Abstract: Consumption requires time (consumption and time are complements of each other). In addition higherquality goods provide more utility per unit of time allocated to consumption, though at a higher monetary cost. Since time is limited, higher income is decreasingly spent augmenting the number of units of goods being consumed and increasingly spent upgrading their quality. After analyzing the basic microeconomics of consumer quantity/quality choices, this working paper investigates its implications on growth. As a country develops, raising the quality of output becomes increasingly important as a component of gross domestic product (GDP) growth relative to quantity growth. Furthermore technological progress is increasingly quality-biased. Lower income inequality raises the scale of output while reducing average quality. This is positive for technical progress and growth at early stages of economic development but may be negative at later stages. These results are broadly consistent with the existing empirical evidence on the composition of GDP growth, international trade patterns of vertical specialization across countries, and the nonlinearity of the impact of inequality on growth. This working paper also explores the potential role of progressive consumption taxes as a growth policy.
    Keywords: Allocation of time, product quality, inequality, growth, distortionary consumption taxes.
    Date: 2009–10
  14. By: Ergun Dogan; Koi Nyen Wong; Michael Meow-Chung Yap
    Abstract: Malaysia’s economic success is to a significant extent underpinned by its export-oriented manufacturing sector. The sector has a large foreign presence, with MNCs attracted by the open trade and investment regime, and FDI-friendly policies. Using unpublished manufacturing census data for 2000 and 2005, we apply the methodology by Foster et al. (1998) to decompose productivity growth. The analysis shows that exporters were more productive than domestic-oriented establishments, and were distinctly more competitive. The empirical evidence also shows that establishment turnover is important in boosting productivity growth. In particular, we find that turnover of exporters made a larger contribution to aggregate productivity growth compared to domestic-oriented establishments during the period from 2000 to 2005. Surviving establishments (those that operated in both years), on the other hand, made a negative contribution. It is noteworthy that entrants to export markets were more productive than surviving non-exporters and even surviving exporters. Exiters from export markets or “export failuresâ€, on the other hand, were less productive than continuing exporters. Given the importance of turnover to productivity growth, the government should ensure unrestricted entry to the export sectors for both foreign and domestic investors. Continuing with pro-FDI policies is also important, given the keener global competition.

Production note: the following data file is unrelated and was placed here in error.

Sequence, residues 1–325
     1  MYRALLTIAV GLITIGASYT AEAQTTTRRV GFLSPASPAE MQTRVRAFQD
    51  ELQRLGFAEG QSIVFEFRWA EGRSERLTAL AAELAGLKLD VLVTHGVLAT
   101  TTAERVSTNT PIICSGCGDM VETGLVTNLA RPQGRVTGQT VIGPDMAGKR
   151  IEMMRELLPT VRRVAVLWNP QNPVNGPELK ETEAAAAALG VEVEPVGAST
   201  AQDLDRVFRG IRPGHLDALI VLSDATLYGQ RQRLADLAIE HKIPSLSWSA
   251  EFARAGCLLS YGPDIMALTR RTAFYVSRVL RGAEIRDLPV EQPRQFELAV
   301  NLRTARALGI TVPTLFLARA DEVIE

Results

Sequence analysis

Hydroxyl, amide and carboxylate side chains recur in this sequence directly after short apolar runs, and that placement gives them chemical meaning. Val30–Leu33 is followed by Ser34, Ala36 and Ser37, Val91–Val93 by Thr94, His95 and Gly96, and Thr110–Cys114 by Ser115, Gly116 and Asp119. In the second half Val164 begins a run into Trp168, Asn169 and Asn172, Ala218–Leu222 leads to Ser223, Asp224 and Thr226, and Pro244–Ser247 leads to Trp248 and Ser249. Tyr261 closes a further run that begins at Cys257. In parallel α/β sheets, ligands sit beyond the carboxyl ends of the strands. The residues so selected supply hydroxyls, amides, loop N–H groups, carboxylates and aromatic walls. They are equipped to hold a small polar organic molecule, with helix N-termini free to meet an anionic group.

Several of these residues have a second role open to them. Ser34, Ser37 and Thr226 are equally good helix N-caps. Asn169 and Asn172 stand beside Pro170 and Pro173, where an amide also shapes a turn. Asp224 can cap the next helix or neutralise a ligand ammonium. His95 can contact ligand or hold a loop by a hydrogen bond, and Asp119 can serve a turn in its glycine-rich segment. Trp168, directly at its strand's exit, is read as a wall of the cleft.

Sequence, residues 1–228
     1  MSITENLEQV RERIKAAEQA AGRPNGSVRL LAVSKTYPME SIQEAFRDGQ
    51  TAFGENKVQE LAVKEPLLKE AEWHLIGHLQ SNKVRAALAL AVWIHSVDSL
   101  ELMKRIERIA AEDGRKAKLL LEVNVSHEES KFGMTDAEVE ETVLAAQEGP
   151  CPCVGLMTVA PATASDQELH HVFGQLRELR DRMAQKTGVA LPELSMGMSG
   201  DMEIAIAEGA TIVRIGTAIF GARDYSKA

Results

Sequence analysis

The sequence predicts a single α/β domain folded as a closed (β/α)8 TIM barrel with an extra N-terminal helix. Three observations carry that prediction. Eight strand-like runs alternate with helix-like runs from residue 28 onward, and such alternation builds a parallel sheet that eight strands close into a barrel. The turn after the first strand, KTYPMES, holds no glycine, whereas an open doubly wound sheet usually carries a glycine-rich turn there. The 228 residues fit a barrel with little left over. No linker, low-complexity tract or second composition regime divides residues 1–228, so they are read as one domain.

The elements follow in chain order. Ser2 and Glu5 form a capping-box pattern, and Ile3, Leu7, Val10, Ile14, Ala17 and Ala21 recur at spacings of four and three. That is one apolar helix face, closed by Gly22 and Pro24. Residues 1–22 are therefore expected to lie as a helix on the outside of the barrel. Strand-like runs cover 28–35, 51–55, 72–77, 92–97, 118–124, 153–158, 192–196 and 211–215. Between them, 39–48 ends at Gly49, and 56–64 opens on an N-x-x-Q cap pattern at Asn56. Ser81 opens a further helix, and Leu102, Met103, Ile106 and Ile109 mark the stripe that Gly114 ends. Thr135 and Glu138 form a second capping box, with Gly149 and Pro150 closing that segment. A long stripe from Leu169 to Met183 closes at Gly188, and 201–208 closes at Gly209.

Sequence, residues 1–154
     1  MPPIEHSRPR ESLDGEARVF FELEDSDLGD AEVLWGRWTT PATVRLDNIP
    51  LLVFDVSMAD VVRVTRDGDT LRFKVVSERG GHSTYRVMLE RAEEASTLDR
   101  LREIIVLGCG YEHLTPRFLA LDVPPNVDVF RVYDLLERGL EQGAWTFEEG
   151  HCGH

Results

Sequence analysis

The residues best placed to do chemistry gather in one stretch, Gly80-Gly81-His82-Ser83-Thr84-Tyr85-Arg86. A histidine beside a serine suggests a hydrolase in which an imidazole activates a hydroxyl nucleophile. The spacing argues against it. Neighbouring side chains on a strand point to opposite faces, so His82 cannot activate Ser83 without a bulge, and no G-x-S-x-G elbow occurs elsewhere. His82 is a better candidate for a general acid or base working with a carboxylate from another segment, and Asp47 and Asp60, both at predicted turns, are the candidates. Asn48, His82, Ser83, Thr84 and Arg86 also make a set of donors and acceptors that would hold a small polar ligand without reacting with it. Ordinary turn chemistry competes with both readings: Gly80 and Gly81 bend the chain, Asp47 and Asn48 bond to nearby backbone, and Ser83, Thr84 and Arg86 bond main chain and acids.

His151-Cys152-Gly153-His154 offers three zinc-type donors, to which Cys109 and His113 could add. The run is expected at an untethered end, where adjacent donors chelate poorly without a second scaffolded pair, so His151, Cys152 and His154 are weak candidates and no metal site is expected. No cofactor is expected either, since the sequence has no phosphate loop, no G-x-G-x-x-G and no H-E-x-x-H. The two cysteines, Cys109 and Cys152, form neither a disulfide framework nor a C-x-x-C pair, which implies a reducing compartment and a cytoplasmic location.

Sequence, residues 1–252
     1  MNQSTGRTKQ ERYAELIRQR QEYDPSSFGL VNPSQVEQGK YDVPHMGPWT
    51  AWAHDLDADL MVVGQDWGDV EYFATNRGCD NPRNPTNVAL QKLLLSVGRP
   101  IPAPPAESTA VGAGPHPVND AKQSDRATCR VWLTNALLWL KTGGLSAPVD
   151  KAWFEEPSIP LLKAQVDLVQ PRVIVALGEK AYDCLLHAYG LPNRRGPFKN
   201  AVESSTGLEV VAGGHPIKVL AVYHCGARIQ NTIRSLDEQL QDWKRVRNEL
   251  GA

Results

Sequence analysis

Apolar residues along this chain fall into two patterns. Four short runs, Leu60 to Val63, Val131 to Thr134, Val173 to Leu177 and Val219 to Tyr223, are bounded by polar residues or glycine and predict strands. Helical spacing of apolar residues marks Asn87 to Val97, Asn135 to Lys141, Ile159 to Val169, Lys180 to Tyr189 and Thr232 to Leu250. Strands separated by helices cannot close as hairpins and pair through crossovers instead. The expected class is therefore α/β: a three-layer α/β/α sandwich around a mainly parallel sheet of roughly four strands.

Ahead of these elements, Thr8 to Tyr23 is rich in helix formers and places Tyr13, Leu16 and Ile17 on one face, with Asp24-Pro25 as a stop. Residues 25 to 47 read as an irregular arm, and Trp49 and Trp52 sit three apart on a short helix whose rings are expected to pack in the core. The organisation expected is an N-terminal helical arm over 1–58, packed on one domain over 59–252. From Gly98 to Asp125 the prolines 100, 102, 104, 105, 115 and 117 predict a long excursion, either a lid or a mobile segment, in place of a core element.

Keywords: Exporting; plant turnover; productivity; manufacturing; Malaysia
    JEL: F14 L60 O40
    Date: 2010–05
  15. By: Karen Pittel; Lucas Bretschger
    Abstract: We analyze an economy in which sectors are heterogeneous with respect to the intensity of natural resource use. Long-term dynamics are driven by resource prices, sectoral composition, and directed technical change. We study the balanced growth path and determine stability conditions. Technical change is found to be biased towards the resource-intensive sector. Resource taxes have no impact on dynamics except when the tax rate varies over time. Constant research subsidies raise the growth rate while increasing subsidies have the opposite effect. We also find that supporting sectors by providing them with productivity enhancing public goods can raise the growth rate of the economy and additionally provide an effective tool for structural policy.
    Keywords: sustainable development, sectoral heterogeneity, directed technical change
    JEL: O4 Q01 Q3
    Date: 2010
  16. By: Giorgio d'Agostino (Università degli Studi di Roma and UWE, Bristol); Luca Pieroni (University of Perugia and UWE, Bristol); J Paul Dunne (University of the West of England and University of Cape Town)
    Abstract: Military spending is an expenditure by governments that has influence beyond the resources it takes up, especially when it leads to or facilitates conflicts. This chapter provides an overview of the issues involved in analysing the effects of military spending on growth. It considers the alternative general economic theories that inform the development of models to undertake empirical analyses, and estimation issues in undertaking those analyses. The Feder-Ram model, the modified Solow and the endogenous growth models, are discussed in detail, before being estimated to illustrate the issues involved in estimating the models and to compare their performance.
    Keywords: Military spending; growth; panels spending,semi-parametric estimation
    JEL: H56 O40
    Date: 2010–10